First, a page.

I usually had it disappear when I wasn't
on the Cyclops, personally. Eventually it stopped.
I don't know what this means, but I'm pretty sure it should worry me.
I located this wreck, on the edge of Grand Reef, and deployed a beacon to mark its location. It's below the 200m maximum depth of my Seamoth, but visible from there, so I can use the Seamoth to transport to site and as a waystation below the surface, and use the Seaglide as propulsion to reach the wreck. There are a couple of things to take care of first, though.
Such as it being moving day. With the addition of the Multipurpose Room to my base, I can now finally, truly, move in. (Also pictured: my front door.)
I've set up a battery recharger and a fabricator in my base. I've not yet added a medikit fabricator, but I already had all my materials storage down here, and also enough medikits to do emergency triage on the whole crew of the Aurora. I am no longer dependent on Lifepod 5 to support my presence on this planet; instead I have made from my own hands the ability to survive here.
It's a surprisingly understated achievement. I don't feel as though I am conquering my environment, exactly. I am
, don't get me wrong. I've bent this planet to my will in a significant way by finally creating a base able to do everything I need. This is one of the larger milestones of the game in retrospect. At the time though? It was just part of the push to go deeper, significance lost in preparing to breach the 200m barrier.
One of the first things to do before entering a wreck, which I haven't touched on much, is figuring out how the **** you get in. This is not always trivial and I actually missed it on this one for almost a minute as I circled above and looked at different angles. Here you can spot the accessway I used for entry as a slightly darker area illuminated by the Seamoth's floodlights. (Curiously, they're the most powerful in the game, far exceeding the spotlights on the PRAWN or Cyclops.)
And then we take the plunge. The Seaglide does not operate at full efficiency below 200m, with the engine periodically seizing and kicking back in. This made for some unwelcome moments regarding my O2
level, but in general I gave myself 45 seconds safety reserve to return to the Seamoth, which was enough.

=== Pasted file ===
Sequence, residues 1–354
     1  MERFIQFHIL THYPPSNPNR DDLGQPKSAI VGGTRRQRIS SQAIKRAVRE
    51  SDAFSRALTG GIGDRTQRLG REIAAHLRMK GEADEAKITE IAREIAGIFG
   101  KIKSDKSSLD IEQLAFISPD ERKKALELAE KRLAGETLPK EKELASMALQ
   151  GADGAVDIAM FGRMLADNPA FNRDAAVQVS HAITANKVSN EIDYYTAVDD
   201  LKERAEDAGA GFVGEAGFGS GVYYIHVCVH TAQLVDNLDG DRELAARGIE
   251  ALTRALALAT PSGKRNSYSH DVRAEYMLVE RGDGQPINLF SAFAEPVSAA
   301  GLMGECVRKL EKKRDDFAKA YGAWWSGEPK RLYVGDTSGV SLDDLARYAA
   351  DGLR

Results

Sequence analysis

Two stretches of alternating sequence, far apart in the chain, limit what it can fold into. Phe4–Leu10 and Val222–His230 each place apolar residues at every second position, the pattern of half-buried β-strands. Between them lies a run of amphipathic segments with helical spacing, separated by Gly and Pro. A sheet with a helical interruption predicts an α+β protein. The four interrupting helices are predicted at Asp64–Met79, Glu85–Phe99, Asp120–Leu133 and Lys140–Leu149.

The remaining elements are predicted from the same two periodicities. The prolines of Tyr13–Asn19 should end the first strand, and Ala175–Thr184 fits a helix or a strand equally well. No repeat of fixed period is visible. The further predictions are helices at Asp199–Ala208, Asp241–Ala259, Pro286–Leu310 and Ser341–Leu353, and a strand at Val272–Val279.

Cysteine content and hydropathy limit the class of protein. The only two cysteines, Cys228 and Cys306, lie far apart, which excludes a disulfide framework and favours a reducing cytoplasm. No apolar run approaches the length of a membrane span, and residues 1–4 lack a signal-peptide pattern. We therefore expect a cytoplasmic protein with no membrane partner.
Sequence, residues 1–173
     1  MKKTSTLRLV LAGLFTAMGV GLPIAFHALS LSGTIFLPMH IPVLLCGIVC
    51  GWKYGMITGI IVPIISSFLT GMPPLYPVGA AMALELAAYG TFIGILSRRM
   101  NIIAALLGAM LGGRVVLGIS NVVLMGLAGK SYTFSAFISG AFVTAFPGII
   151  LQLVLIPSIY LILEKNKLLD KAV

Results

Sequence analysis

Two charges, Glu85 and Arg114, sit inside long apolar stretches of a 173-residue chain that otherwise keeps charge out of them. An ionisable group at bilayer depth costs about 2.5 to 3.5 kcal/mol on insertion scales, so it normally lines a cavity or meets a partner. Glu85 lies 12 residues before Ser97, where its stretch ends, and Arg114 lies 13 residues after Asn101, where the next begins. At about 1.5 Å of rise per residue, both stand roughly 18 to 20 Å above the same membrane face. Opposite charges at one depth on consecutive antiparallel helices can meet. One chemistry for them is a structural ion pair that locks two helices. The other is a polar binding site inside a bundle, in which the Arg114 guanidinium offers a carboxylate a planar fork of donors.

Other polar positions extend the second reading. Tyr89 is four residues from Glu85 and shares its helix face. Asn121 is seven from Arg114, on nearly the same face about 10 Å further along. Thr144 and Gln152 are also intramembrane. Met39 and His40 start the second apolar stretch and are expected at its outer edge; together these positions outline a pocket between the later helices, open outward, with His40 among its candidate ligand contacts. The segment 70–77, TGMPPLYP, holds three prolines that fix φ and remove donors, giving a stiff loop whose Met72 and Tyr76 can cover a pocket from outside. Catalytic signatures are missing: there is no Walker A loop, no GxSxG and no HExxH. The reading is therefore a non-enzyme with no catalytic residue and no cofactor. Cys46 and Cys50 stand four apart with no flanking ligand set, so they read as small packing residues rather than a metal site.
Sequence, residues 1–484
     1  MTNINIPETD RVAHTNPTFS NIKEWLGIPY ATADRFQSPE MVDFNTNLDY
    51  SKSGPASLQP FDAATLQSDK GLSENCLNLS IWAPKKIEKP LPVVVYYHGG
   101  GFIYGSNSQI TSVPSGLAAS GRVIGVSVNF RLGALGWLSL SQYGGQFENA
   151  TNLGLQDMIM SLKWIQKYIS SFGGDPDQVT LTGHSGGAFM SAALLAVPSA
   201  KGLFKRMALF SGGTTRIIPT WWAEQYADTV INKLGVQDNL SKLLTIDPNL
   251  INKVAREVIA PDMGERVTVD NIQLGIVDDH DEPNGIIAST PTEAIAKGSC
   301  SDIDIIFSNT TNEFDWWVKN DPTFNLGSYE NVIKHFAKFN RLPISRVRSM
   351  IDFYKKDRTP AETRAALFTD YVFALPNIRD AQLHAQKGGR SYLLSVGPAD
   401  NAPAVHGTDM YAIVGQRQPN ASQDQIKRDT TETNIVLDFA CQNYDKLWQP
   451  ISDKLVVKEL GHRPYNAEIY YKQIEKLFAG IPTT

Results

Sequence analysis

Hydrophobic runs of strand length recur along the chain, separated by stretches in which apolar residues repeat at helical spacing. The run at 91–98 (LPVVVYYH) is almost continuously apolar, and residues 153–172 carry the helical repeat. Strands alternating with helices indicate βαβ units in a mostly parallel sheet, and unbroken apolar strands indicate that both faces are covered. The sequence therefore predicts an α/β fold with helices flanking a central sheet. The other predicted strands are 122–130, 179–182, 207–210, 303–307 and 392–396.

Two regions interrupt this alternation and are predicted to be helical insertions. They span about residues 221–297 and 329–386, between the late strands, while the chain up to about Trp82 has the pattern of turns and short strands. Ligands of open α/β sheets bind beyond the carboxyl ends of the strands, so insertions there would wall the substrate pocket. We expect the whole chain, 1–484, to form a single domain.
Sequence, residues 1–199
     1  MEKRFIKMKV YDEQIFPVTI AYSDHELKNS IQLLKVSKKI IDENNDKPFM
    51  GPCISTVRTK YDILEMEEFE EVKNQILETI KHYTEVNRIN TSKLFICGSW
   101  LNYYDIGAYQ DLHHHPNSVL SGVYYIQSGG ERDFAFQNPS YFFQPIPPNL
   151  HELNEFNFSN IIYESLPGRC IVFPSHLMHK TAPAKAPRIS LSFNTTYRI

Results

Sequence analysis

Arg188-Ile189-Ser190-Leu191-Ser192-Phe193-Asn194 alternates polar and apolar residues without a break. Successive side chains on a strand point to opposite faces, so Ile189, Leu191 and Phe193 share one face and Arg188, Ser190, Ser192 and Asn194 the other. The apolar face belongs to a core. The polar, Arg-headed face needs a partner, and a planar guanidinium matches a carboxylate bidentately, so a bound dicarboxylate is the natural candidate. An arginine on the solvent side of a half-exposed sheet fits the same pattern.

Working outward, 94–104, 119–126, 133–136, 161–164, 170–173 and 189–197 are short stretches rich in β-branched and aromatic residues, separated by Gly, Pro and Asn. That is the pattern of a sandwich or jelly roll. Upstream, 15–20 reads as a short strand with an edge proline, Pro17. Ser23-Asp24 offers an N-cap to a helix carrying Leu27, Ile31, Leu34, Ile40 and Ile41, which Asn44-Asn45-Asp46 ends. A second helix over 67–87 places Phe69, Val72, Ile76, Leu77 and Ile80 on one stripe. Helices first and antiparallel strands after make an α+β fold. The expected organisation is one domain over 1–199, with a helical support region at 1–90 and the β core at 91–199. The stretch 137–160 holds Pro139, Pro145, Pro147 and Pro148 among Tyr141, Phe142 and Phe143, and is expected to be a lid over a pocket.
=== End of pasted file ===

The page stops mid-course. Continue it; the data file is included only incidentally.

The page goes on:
Moonpool fragments. This is for the room I'd dock my Seamoth in for recharge and storage, rather than just leaving it hanging around outside the base.
Here at 244 meters there's a side room, with exosuit grappling arm bits. Well, that's half of what I need to make PRAWN Lagann. There's also a door that can be cut through, which I'm not going to open, having not yet explored the rest of the wreck.
Well. This is new. The wreck has an area of open sea under it. The world Scuba record is something like 331 meters. I'm getting awful close. That green crystal there? Unranite. I didn't pick any up, but there was also Aluminum Oxide around, which as I recall goes into PRAWN manufacture, so I grabbed a bunch.
An ascent to the Seamoth after that. You want to know what those things holding the big balls are? I have no idea.
I can't scan them!
There are actually two doors, one on the floor and one the ceiling of that sideroom. Note the difference of four meters in depth.
Not sure what a Scanner Room does. I'll have to build one.
When I've been out on a deep water foray for days, whether in Seamoth or Cyclops, and it's time to return to base, my first act is always to reach the surface before I set course for home. It has navigational advantages, there's a lot less to run into up there and it's easier to spot the Lifepod 5 beacon which acts as the most convenient waypoint to my base, and safety ones, there's usually nothing nasty up there either. But I think it's mostly psychological; I am not a creature of the sea, but of the air, and without a reason to hold me to the depths to the air I return.
Helm, we're done here. Full ascent.
Fun fact: at a full ascent, given some run-up, it's quite possible to "leap" the Seamoth fully out of the water and several meters into the air. I don't know if this has any practical use (last-ditch Reaper avoidance?) but you can do it.
Set course for home.
Then I got sidetracked on the way home by going to visit my buddies the Reefbacks.
Things I saw on the way back; I finally bothered to scan one of these things.
This planet was not always flooded. I present evidence:
Over near the Aurora
Well. That's the only other Lifepod besides 5 that actually floated
, so points for effort?
Interesting tidbit: there was a Reaper Leviathan near Lifepod 4. I fled in the direction of this pod of Reefbacks. It pursued me for several hundred meters...and broke off when I approached the Reefbacks. I'm told Leviathans will actually chase you all the way across the map in some cases. The Reefbacks really do mean safety.
Loot. Note that I've actually exchanged my radsuit helmet for a special rebreather one; you take a penalty to oxygen consumption below 200m without use of a rebreather.
Dawn out front of the seabase.
There's that weird hole in the ground again, not sure what's up with that...
I burned three batteries on the Seaglide while I was down there. The thing is murder on your battery supply. None are fully drained because I switched out around 20% battery, not wanting to find myself with a dead Seaglide on an ascent to the Seamoth while running out of oxygen.